Malgré leur relative invisibilité, les plateformes numériques de micro-travail représentent le phénomène marquent de la dernière décennie. Services comme Amazon Mechanical Turk, Figure Eight ou Clickworker sont des espaces où les entreprises et les startups ‘entraînent’ ou testent leurs solutions d’intelligence artificielle en recrutant des myriades travailleurs qui réalisent des micro-tâches de transcription, reconnaissance visuelle ou étiquetage de vidéo en échange de rémunérations très faibles d’a peine quelques centimes d’euros. Les études existantes se sont principalement concentrées sur des plateformes anglophones. Notre enquête DiPLab (Digital Plateform Labor, née d’un partenariat entre Télécom Paristech, CNRS, FO, France stratégie et la MSH Paris Saclay) a visé pour la première fois l’écosystème du microtravail en France et dans les pays francophones d’Afrique. Les résultats dressent un tableau surprenant des évolutions du marché du travail à l’heure de l’automation.
Marc-Antoine Dilhac - Une IA éthique est-elle possible ? Perspective de la Déclaration de Montréal
Mercredi 20 mars 10h00 - 12h00, Amphi 5, CentraleSupélec, Gif-sur-Yvette
Marc-Antoine Dilhac de l’Universite de Montréal, porteur de la déclaration de Montréal sur l’IA responsable animera un séminaire DATAIA le mercredi 20 mars matin.
La décennie 2010 a vu apparaître un nouvel objet dans le champ de l’éthique appliquée : l’intelligence artificielle. Objet d’étude académique, l’IA comme technologie a donné naissance à un double, un objet social qui concentre les préoccupations des développeurs, des décideurs publics et des entreprises, mais aussi du public en général, citoyennes et citoyens : l’IA éthique. Souvent confondus, ces deux objets ne sont pas les mêmes et le questionnement éthique qui s’y rapporte varie. L’IA éthique est un produit industriel dont la définition, la standardisation et la régulation font l’objet d’une concurrence intense entre entreprises et organismes. L’émergence de cet objet social a aussi fait naître une classe d’experts, souvent étrangers aux domaines de l’IA et de l’éthique. Mais une IA éthique est-elle possible? Et quelle démarche éthique nous permet de saisir les enjeux que le déploiement de cet objet soulève? Pour y répondre, nous présenterons le processus délibératif dont est issue la Déclaration de Montréal pour un développement responsable de l’IA (2018).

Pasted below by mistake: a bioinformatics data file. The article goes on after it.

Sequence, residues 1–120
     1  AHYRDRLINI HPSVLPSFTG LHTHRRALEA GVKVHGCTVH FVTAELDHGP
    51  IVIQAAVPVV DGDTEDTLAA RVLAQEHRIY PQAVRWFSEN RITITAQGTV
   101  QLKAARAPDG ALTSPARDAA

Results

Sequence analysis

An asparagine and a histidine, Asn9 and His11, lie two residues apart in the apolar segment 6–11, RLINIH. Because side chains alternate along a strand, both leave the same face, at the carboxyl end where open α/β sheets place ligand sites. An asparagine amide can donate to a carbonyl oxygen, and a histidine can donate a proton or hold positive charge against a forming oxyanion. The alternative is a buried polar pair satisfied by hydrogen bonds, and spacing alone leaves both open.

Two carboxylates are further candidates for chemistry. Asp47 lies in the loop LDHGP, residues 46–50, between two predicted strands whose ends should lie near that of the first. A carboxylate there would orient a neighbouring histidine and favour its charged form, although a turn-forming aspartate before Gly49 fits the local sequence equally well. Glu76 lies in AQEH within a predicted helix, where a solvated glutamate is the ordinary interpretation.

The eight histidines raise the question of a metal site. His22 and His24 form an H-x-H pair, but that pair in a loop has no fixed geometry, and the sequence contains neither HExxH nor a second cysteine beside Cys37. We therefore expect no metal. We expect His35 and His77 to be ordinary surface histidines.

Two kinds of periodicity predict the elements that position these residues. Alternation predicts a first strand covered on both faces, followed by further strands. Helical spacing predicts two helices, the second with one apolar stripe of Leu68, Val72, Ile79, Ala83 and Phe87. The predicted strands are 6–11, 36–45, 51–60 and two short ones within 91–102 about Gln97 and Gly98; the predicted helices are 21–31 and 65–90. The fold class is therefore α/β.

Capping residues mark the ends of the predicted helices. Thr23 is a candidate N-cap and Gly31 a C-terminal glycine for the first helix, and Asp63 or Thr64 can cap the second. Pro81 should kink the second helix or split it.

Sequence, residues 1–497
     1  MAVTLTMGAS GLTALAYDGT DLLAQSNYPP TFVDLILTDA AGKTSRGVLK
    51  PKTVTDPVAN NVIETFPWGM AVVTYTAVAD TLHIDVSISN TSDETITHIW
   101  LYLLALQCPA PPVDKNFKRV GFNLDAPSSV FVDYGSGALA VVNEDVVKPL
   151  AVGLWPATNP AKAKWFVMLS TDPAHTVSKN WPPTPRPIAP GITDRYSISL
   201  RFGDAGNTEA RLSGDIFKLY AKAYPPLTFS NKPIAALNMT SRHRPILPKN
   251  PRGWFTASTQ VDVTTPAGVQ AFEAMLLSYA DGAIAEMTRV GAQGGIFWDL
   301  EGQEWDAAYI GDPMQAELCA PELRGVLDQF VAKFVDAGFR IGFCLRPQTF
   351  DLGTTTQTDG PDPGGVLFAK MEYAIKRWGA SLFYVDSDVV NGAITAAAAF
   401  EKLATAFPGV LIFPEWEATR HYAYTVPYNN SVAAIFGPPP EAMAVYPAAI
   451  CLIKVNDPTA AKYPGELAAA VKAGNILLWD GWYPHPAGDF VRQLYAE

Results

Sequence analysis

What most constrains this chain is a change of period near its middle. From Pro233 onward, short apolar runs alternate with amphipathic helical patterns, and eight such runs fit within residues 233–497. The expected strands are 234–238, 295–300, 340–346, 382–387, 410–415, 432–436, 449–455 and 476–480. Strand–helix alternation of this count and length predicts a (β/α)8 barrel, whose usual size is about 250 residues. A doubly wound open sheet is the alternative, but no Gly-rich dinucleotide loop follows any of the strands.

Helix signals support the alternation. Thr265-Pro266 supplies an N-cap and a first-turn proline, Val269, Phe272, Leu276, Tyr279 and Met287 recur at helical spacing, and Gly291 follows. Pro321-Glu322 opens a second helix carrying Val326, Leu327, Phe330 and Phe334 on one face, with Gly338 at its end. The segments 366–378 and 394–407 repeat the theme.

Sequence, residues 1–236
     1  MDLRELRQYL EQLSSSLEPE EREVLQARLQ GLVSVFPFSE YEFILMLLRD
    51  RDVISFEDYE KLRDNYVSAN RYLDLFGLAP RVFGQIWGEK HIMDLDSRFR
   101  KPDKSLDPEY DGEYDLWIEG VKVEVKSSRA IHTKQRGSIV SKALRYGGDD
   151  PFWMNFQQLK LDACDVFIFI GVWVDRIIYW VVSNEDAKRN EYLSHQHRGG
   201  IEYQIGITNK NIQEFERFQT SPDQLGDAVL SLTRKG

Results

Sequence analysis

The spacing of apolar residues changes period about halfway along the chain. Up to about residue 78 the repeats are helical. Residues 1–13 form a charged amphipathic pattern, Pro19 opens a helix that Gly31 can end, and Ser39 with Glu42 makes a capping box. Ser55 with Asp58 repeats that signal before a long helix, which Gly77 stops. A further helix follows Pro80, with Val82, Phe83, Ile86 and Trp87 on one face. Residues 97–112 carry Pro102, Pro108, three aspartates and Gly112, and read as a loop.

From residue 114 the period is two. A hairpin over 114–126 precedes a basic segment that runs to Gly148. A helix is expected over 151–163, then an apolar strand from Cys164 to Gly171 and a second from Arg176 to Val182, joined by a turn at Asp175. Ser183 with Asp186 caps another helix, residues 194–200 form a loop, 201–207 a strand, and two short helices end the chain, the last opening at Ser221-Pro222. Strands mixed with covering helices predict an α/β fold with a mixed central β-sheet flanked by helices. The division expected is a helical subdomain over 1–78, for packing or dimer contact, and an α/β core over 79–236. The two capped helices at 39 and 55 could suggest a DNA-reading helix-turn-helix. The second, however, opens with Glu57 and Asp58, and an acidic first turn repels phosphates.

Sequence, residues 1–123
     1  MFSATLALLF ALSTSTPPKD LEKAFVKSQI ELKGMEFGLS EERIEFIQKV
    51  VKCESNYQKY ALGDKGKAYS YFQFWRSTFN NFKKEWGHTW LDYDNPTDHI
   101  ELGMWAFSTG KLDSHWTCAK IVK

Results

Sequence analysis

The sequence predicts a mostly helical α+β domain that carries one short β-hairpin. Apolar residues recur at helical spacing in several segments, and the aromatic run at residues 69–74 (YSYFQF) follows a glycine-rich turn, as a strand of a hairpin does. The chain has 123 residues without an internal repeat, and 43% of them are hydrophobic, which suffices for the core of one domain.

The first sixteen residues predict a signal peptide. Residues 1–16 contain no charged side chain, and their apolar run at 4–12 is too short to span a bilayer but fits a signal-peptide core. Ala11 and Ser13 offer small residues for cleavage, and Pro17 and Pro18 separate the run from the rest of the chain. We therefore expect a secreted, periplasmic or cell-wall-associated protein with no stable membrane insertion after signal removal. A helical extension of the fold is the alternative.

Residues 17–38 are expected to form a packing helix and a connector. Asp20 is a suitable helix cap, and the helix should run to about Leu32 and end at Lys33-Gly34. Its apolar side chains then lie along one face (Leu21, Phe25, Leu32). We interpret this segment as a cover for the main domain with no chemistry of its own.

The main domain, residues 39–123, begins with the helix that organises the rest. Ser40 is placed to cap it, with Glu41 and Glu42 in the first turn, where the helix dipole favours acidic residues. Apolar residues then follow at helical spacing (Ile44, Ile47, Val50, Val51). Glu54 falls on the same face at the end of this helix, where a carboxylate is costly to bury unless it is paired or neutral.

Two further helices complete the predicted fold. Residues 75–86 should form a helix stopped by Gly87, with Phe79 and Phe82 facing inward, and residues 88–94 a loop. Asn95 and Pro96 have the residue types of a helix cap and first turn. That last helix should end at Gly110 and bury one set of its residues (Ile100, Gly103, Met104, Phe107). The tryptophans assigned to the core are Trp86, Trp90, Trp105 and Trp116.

Jérémy Mary - Online Advertising and Strategic Bidding
Mercredi 20 février 2019
Criteo aims to serve personalized online display advertisements, at the root of the business model of many Internet companies, and is leader on this B2B market. The talk will present the technical and ethical challenges of online personalized ads, ranging from the data scale to the customers heterogeneity. The few regulated online advertising market made of auctions will be discussed, revisiting classical auction theory from the buyer point of view (as opposed to, the seller).We show that in the current state of the market which include personalized reserve prices, the best option for the buyer is to be strategic even in a second price option. How to fight information bubbles and user boredom within a recommender system will also be discussed.